17 April 2015
Standing on the shoulders of giants
Payment efficiency is of strategic importance to any modern economy. Everyone expects to be able to pay who they want, when they want. With the decline of physical instruments, such as cash and cheques, electronic payment has become the natural choice as a simple, safe and convenient way to pay.
For over forty years, the UK has been in the vanguard of payments innovation. Major milestones include the Bacs service in1968, which offers universal connectivity and fund transfers between UK bank accounts and, more recently the Faster Payments Service (FPS) in 2008, which facilitates single immediate interbank payments using real-time technology.
The introduction of real-time technology represents the biggest advancement in payments in a generation. The appeal of FPS has driven uptake throughout the UK and stimulated innovation across the industry. The UK has embraced real-time technology as the bridge between financial services and the 24x7x365 society. This has attracted attention from around the world.
Last year, VocaLink helped implement a ground-breaking real-time payments platform in Singapore. The FAST solution assimilated the technology and functional richness of FPS, but the final deployment surpassed that in the UK in several ways: it included debit requests and push credits and adopted the ISO20022 message standard. All messages are validated, routed and delivered in real time, making Singapore one of the world’s most advanced payment markets. Banks compete on the basis of their individual customer appeal with their ability to innovate in the payment products space no longer constrained by processing limitations.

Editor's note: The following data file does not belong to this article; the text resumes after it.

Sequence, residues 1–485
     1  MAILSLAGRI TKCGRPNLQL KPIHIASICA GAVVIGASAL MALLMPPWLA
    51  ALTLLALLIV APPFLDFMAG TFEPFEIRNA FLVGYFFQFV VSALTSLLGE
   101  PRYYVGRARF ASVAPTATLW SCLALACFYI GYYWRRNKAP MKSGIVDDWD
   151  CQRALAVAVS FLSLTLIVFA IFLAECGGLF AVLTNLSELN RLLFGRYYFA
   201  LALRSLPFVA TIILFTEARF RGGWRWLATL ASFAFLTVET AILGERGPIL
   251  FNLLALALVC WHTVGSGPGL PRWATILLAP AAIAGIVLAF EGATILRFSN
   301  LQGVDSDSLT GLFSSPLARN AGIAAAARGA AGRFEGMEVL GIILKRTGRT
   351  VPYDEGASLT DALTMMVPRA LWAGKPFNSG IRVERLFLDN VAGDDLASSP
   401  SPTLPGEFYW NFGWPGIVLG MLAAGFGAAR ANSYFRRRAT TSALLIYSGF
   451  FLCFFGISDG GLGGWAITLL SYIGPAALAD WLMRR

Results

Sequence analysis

The success of Singapore demonstrates the practical benefits of international collaboration and how partnership can precipitate innovation. It also validates the adage that the easiest road to success is to build upon the success of others. Embracing collaboration, the global payments community can build on the sum total of everything that has been learnt and achieved in all markets. In this way every real-time deployment enlarges the total sum of practical knowledge: the global payments industry is always ‘standing on the shoulders of giants.’
Many countries are currently looking for real-time systems. In some cases, like the UK, this is driven by legislation, while others such as Sweden, are driven by commercial pressures and competition. Whatever the drivers, the UK experience suggests that the journey to real-time involves a steep climb, but the view from the top justifies the effort. It is also true to say that the world has moved on since the UK implementation and many of the tools and solutions that enable banks to fully take advantage of a real-time service have matured and the challenges are no longer as complex as they once were.
The proposition here is that other countries can learn from the UK and Singapore experiences and make progress faster while mitigating the risk and cost of a strategic technology renewal that affects everyone in an economy.
Learning from the experience of others does not place a ceiling on what can be achieved, but a solid floor on which to build, improve and advance. In this respect every new development begins where the last deployment finished and the international payment community can progress in giant steps.